The Legal Theory Bookworm recommends Misreading Law, Misreading Democracy by Victoria Nourse. Here is a description:
American law schools extol democracy but teach little about its most basic institution, the Congress. Interpreting statutes is lawyers’ most basic task, but law professors rarely focus on how statutes are made. This misguided pedagogy, says Victoria Nourse, undercuts the core of legal practice. It may even threaten the continued functioning of American democracy, as contempt for the legislature becomes entrenched in legal education and judicial opinions. Misreading Law, Misreading Democracy turns a spotlight on lawyers’ and judges’ pervasive ignorance about how Congress makes law.
Victoria Nourse not only offers a critique but proposes reforming the way lawyers learn how to interpret statutes by teaching legislative process. Statutes are legislative decisions, just as judicial opinions are decisions. Her approach, legislative decision theory, reverse-engineers the legislative process to simplify the task of finding Congress’s meanings when statutes are ambiguous. This theory revolutionizes how we understand legislative history―not as an attempt to produce some vague notion of legislative intent but as a surgical strike for the best evidence of democratic context.
Countering the academic view that the legislative process is irrational and unseemly, Nourse makes a forceful argument that lawyers must be educated about the basic procedures that define how Congress operates today. Lawmaking is a sequential process with political winners and losers. If lawyers and judges do not understand this, they may well embrace the meanings of those who opposed legislation rather than those who supported it, making legislative losers into judicial winners, and standing democracy on its head.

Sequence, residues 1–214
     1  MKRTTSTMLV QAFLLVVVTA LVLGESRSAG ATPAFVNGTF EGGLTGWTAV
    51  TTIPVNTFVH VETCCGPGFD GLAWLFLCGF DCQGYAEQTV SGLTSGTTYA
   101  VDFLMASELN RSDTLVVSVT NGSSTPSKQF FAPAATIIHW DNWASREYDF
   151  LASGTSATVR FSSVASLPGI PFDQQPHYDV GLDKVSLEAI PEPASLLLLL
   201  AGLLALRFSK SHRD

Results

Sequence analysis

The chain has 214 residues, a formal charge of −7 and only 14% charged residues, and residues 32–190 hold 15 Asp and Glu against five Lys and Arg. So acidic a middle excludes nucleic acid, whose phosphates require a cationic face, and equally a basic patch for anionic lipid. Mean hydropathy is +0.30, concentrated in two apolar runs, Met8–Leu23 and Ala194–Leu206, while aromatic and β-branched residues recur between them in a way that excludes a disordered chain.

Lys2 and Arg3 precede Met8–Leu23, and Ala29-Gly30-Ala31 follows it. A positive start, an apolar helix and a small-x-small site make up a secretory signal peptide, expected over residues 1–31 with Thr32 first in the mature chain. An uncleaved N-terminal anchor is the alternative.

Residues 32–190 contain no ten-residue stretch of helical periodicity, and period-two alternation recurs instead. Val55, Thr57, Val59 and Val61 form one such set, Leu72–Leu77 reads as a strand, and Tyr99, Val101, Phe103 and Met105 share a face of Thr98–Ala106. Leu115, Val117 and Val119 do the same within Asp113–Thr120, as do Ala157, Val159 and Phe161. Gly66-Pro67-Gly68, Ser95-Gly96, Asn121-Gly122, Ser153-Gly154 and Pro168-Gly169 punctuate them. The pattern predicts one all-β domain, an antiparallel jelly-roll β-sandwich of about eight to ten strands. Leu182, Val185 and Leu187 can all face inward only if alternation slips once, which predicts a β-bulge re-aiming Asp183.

And from the reviews:
Professor Nourse has written a book of comprehensive, devastating criticism of how judges, including Supreme Court Justices, interpret (or pretend to interpret) congressional enactments. The canons of statutory construction, plain meaning, textualism, literalism, originalism―all these crutches fall, felled by her cannons. (Richard A. Posner, author of Divergent Paths: The Academy and the Judiciary)
Misreading Law, Misreading Democracy is important reading for anyone seriously interested in understanding statutes, and especially so for judges. Their ignorance of/indifference to Congress’s processes is an affront both to the means by which most law is created today, and to the democratic values implicit in its emergence from the actions of an elected body. (Peter L. Strauss, Columbia Law School)
Nourse convinces that America’s judges, law professors, and lawyers know perilously little about the most important branch of government―the United States Congress―and spells out the consequences this gap in our collective knowledge have for governance. Helping to fill that gap, this accessible book takes on those who practice ‘petty textualism’ while offering an approach to statutory interpretation that is both more professionally satisfying and consistent with our representative democracy. Brava! (William N. Eskridge, Jr., Yale Law School)